Tag Archives: dragons

Review: One Realm Beyond, by Donita K. Paul

One Realm Beyond, by Donita K. PaulOne Realm Beyond, by Donita K. Paul (Zondervan, 2014)

At 20 years old, Cantor is ready to step from apprenticeship into his role as a realm walker. His first solo assignment? Travel in another realm until he finds the mor dragon who will be his partner.

Cantor knows better than to accept the first dragon he meets, especially since the dragon manages to set himself on fire (while disguised as a haystack). But the dragon, Bridger, keeps following him.

Soon Cantor joins up with two other strangers to this realm and the three humans, plus the dragon and his cat, mount a daring attempt to rescue some imprisoned villagers.

Isn’t the cover art great?

Donita K. Paul’s worlds and cultures are always richly imagined and filled with lifelike details, and here she’s working with a number of different worlds—the different realms which the walkers access through portals.

One Realm Beyond is a good read for the YA market and for adults. The characters are engaging and they take on what looks like an impossible task in their desire to challenge the Realm Walkers Guild’s corruption. The book sets the scene for the series to follow. To me, it feels like two short episodes combined to reach novel length, and I found the transition between them a bit abrupt.

Within the story, the characters face issues and questions common to us here on earth: a ruling council corrupted by greed, places of worship with declining attendance, and the question of why a good deity would allow evil to flourish. For the characters, as for us, there are no easy answers, but Cantor and his friends will fight for justice and not accept the lie of “what can so few do against so many?”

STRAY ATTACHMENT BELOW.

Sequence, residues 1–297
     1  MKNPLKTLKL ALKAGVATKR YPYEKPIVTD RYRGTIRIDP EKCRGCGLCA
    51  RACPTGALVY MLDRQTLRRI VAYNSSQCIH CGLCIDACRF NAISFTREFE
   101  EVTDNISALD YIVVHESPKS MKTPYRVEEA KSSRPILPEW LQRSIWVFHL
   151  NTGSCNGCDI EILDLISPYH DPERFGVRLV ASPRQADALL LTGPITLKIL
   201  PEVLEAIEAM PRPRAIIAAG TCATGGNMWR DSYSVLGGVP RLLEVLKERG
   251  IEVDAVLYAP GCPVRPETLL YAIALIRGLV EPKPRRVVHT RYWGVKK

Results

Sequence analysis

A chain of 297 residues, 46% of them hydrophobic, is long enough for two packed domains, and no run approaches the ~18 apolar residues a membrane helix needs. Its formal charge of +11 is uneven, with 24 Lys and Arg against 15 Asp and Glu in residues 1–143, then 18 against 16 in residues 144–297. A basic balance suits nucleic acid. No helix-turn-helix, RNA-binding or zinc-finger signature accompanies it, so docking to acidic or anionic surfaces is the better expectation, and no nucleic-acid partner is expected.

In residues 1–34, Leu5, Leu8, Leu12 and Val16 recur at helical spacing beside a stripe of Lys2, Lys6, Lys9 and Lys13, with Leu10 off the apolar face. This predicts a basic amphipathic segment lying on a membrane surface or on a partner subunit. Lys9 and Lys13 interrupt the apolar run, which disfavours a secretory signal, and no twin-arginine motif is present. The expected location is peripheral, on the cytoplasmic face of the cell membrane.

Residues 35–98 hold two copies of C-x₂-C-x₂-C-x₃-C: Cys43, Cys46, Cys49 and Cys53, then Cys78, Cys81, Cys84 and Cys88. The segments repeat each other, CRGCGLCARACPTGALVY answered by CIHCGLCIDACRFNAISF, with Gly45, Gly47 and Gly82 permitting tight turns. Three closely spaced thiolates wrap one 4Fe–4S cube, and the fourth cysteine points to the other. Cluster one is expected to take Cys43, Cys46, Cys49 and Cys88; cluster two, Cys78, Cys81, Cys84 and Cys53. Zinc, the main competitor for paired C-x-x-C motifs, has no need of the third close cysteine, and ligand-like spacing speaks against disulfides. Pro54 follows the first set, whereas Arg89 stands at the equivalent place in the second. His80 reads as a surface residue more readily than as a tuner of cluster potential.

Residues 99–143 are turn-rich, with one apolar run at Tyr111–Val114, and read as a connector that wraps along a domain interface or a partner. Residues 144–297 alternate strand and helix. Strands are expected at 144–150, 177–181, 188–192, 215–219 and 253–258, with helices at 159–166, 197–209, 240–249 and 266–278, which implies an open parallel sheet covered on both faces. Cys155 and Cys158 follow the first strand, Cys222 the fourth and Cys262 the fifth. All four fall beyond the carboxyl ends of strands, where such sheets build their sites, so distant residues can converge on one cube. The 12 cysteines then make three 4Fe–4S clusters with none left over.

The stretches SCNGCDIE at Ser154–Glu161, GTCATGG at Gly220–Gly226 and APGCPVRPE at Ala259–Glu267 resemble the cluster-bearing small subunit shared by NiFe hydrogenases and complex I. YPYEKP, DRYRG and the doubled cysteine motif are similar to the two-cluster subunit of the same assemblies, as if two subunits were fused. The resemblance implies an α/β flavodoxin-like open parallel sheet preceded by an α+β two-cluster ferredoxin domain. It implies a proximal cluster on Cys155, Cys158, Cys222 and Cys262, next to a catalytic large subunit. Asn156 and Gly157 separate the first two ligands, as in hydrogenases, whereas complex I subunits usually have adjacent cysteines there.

Donita K. Paul is known for her young adult fantasy novels and the dragons she brings to life in them. I didn’t realize she’s also the author of a number of romances, under the names Kathleen Paul and Donita Kathleen Paul. Visit donitakpaul.com for more about the author, or click here to read a sample chapter of One Realm Beyond.

[A review copy was received from the publisher in exchange for an honest review. I was in no way compensated for this review.]

Review: Seraphina, by Rachel Hartman

Seraphina, by Rachel HartmanSeraphina, by Rachel Hartman (Doubleday, 2012)

What’s a young woman to do when she needs to be anonymous but has a musical gift that won’t stay hidden? Seraphina is an outsider. She doesn’t fit in, and she can’t risk letting anyone close enough to discover her secret. But her new job is to assist the court composer, direct the orchestra in his absence, and teach harpsichord to Princess Glisselda.

The story world has a mediaeval European or British feel, with kingdoms, castles and knights. And dragons who can look like humans. The dragon/human war ended in a truce almost 40 years ago, but there’s still deep distrust between the two sides. As the anniversary celebrations approach, hostilities are increasing.